The concept of "organizational advisors" accompanying the various communities, as arranged by the SELA Disengagement Administration, is considered to be a correct idea. The report says that the communities must continue to be helped in this way up until their final housing arrangements are finalized - even if takes, as it appears it might in many cases, years. At present, communal affairs are run in a complex and confused manner, adding to the sense of chaos in which the residents find themselves.

Some 250 families are living without any communal framework, in different locations across the country. Many of them need special support, yet are not receiving it.

The report spares no criticism of the government for its faulty mishandling of the entire affair, beginning with the very idea of moving nearly 10,000 people to the unknown. Those dealing with youth problems - the Education Ministry, Community Centers, the Welfare Ministry, youth movements - are working independently and without coordination, thus adding to the confusion. Salaries are set to be suspended at the end of the summer, and lack of sufficient quantities of youth in each location makes it hard to have activities. Only three out of 18 temporary locations have youth clubs.

The lack of qualified social workers is complex and acute. Many of the municipal councils housing the new residents have not hired new social workers, while some hired them only several months ago. Among those who have been hired are many who are not suitably trained for work with traumatized expellees. In Ashkelon, expellees who requested social work aid were turned away. The community of Elei Sinai, most of whose families are living at the Yad Mordechai tent site, has not had any professional social help from the municipality.

A private group called Maanim offers 12 sessions per family, for the purpose of dealing with loss and trauma. With the realization that this number was not sufficient, and that individual family members required different types of treatment, the number has been increased to 24 - leaving families the problem of deciding how to divide them up amongst themselves.

Among the many recommendations in the report is the following: If the same attention and planning that was invested in the expulsion had been invested in the people's treatment after the expulsion, things would have been very different... Nearly a year after the expulsion, it is time that all the injustices be put right. A central body should be established that will coordinate all the needs - emotional, psychological, familial and communal - of the expellees. This body must coordinate the work in a professional manner, with maximum attention to what is best for the uprooted residents."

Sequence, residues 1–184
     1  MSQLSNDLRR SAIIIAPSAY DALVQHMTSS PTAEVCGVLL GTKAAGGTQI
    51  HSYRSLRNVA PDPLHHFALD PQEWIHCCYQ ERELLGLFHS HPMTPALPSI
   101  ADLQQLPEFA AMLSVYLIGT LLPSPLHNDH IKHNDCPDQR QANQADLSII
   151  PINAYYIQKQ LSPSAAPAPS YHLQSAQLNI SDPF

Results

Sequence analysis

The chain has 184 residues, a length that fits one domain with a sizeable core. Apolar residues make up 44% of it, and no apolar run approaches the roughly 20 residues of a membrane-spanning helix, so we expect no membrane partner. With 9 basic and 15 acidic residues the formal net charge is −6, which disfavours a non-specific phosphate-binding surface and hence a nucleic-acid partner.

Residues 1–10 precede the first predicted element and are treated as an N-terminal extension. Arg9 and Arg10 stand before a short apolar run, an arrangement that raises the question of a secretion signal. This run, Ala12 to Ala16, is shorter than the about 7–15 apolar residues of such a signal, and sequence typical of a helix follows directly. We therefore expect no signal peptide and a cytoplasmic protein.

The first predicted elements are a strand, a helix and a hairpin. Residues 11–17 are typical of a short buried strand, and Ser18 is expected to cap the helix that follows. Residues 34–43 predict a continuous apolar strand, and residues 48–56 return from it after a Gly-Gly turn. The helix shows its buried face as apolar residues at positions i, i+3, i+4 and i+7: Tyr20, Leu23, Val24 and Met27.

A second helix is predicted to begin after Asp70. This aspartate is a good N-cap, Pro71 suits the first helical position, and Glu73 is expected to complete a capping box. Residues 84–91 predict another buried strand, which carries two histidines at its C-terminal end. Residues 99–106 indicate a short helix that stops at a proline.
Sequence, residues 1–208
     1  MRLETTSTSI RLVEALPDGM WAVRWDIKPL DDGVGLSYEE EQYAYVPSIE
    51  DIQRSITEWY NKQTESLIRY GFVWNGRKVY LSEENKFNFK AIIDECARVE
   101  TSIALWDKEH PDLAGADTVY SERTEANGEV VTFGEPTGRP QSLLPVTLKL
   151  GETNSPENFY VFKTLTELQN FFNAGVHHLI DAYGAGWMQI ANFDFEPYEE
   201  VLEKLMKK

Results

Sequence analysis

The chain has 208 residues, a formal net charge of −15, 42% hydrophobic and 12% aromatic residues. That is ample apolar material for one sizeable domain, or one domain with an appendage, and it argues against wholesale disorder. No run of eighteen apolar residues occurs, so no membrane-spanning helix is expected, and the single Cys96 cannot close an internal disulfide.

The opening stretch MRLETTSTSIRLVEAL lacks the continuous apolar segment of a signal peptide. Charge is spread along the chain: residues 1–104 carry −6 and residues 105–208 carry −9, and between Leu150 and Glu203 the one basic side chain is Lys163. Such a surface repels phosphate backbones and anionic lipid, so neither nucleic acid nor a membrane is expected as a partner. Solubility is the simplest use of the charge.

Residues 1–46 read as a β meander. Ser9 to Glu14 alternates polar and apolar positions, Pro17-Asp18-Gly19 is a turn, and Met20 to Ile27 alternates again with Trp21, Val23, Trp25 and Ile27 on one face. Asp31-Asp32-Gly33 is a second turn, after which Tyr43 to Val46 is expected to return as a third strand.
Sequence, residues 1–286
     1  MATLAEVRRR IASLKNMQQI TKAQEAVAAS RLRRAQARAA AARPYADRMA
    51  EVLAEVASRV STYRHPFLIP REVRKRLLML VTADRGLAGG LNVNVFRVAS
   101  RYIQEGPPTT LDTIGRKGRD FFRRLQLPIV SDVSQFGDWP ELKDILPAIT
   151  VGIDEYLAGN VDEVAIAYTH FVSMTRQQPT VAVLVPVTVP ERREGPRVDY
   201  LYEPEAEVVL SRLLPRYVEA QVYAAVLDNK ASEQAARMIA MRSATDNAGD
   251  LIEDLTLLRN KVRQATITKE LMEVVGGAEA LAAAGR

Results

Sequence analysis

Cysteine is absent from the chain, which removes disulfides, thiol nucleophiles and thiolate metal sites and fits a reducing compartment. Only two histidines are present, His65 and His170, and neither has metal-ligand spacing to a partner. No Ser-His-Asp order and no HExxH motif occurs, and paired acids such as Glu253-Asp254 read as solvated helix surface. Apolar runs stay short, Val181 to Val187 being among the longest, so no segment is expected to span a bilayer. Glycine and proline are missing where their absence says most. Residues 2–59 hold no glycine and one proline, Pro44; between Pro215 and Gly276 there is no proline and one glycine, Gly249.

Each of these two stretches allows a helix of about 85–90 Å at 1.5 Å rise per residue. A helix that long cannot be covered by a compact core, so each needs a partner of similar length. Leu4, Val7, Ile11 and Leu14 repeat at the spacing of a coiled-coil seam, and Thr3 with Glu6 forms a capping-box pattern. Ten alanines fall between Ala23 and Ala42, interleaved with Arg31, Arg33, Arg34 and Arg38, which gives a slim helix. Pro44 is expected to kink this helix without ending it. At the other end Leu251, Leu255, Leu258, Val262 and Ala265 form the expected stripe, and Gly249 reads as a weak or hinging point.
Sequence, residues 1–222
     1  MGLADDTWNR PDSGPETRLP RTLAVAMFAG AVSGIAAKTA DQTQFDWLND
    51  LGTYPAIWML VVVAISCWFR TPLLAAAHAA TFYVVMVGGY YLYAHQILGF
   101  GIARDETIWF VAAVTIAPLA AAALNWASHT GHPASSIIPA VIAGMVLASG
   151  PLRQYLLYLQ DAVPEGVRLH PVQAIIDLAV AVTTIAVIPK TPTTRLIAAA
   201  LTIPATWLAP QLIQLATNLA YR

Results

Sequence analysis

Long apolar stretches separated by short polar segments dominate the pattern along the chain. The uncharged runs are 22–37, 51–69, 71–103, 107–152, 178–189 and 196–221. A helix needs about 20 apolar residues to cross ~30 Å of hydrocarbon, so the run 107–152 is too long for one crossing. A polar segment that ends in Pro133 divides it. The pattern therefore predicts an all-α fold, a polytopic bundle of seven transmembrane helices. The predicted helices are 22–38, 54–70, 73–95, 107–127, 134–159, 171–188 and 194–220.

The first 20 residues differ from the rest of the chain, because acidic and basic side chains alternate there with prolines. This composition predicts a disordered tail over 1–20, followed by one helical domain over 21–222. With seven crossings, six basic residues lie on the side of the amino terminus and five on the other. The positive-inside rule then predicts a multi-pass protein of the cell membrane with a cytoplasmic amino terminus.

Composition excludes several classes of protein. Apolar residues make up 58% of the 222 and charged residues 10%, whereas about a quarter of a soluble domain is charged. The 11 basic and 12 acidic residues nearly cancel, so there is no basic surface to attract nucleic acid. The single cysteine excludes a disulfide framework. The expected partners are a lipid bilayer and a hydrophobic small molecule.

Published by The Jerusalem Post on, July 6th 2006
Published by The Jerusalem Post on, July 6th 2006 Israel Article

July 6th, 2006

Jul. 6, 2006 13:34 | Updated Jul. 6, 2006 17:45

'I feel a burning pain in my chest'


Almost a year since Israel withdrew from the Gaza Strip, former inhabitants of the northern Gaza settlements of Elei Sinai, Dugit and Nisanit awoke Thursday to news that the IDF had reentered their former communities as part of a major incursion aimed at halting the firing of Kassams rockets at the western Negev.

"Today the only thing I can say is that I feel embarrassed, the government promised that the Gaza withdrawal would provide security but it was all a bluff," were the words of the usually unemotional Avi Farhan to The Jerusalem Post this morning.

"We were one of the first families that settled in northern Gaza, having arrived in 1982 after we were evacuated from Yamit in Sinai. We want to go home. This mistake must be fixed," he said.

"People have to understand that these settlements of northern Gaza were never Arab territory and until 1967 were under the control of the United Nations. Dugit and Elei Sinai are situated on a high hilltop ridge which is like a buffer zone for the Ashkelon region, whereas the Nisanit ridge controls the Beit Hanon region and defends the western Negev and Sderot."

According to Farhan, "Yesterday I sent a letter to the prime minister in which I wrote that it was time to fix the mistake and retake control of the buffer zone that was abandoned. The Palestinians need to understand that they have things that they could lose."

"The only way to reestablish our deterrence," Farhan added, "Is to show that there are concessions which can be reversed. In the northern Gaza settlements, all the infrastructure still exists and all we would have to do is rebuild are homes."

Ganit, who now lives near Ashkelon, upon hearing the news could not help saying, "I told you so. We all knew it would happen one day but this soon? It's like a bad dream. We now live temporarily at Kibbutz Miflasim and still the kassams fall."

When asked whether she still hoped to return she replied, "In the end we left because we knew we would one day return. We just asked the government not to raze the houses so that one day we could return."

According to Ganit, "Ninety percent of the evacuees still don't have houses. We would be willing to return even though the houses are not there any more."

When asked if she blamed the government for its decision she said, "The government is elected by the people, it is the people I blame. I do not feel Israelis are my people any more. They are not the people I used to know that would fight. Sderot is hit every day by kassams but yet the people living in Tel Aviv don't care. My love of the people has changed."